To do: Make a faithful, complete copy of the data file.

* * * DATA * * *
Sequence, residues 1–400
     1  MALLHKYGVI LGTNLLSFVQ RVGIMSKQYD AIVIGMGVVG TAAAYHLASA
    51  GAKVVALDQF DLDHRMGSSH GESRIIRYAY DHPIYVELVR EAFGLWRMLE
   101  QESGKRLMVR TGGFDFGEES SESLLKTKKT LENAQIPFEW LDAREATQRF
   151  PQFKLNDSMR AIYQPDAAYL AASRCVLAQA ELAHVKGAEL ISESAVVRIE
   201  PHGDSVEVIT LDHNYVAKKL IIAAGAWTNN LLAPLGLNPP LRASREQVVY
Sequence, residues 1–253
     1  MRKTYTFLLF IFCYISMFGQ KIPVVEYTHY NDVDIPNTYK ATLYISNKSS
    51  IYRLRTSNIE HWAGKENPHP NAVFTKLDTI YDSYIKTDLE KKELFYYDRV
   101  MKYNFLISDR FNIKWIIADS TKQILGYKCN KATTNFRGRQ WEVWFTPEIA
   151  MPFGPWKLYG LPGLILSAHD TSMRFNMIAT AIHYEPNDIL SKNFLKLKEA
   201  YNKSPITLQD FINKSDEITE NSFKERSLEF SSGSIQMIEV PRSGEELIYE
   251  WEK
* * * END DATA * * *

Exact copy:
Sequence, residues 1–400
     1  MALLHKYGVI LGTNLLSFVQ RVGIMSKQYD AIVIGMGVVG TAAAYHLASA
    51  GAKVVALDQF DLDHRMGSSH GESRIIRYAY DHPIYVELVR EAFGLWRMLE
   101  QESGKRLMVR TGGFDFGEES SESLLKTKKT LENAQIPFEW LDAREATQRF
   151  PQFKLNDSMR AIYQPDAAYL AASRCVLAQA ELAHVKGAEL ISESAVVRIE
   201  PHGDSVEVIT LDHNYVAKKL IIAAGAWTNN LLAPLGLNPP LRASREQVVY
Sequence, residues 1–253
     1  MRKTYTFLLF IFCYISMFGQ KIPVVEYTHY NDVDIPNTYK ATLYISNKSS
    51  IYRLRTSNIE HWAGKENPHP NAVFTKLDTI YDSYIKTDLE KKELFYYDRV
   101  MKYNFLISDR FNIKWIIADS TKQILGYKCN KATTNFRGRQ WEVWFTPEIA
   151  MPFGPWKLYG LPGLILSAHD TSMRFNMIAT AIHYEPNDIL SKNFLKLKEA
   201  YNKSPITLQD FINKSDEITE NSFKERSLEF SSGSIQMIEV PRSGEELIYE
   251  WEK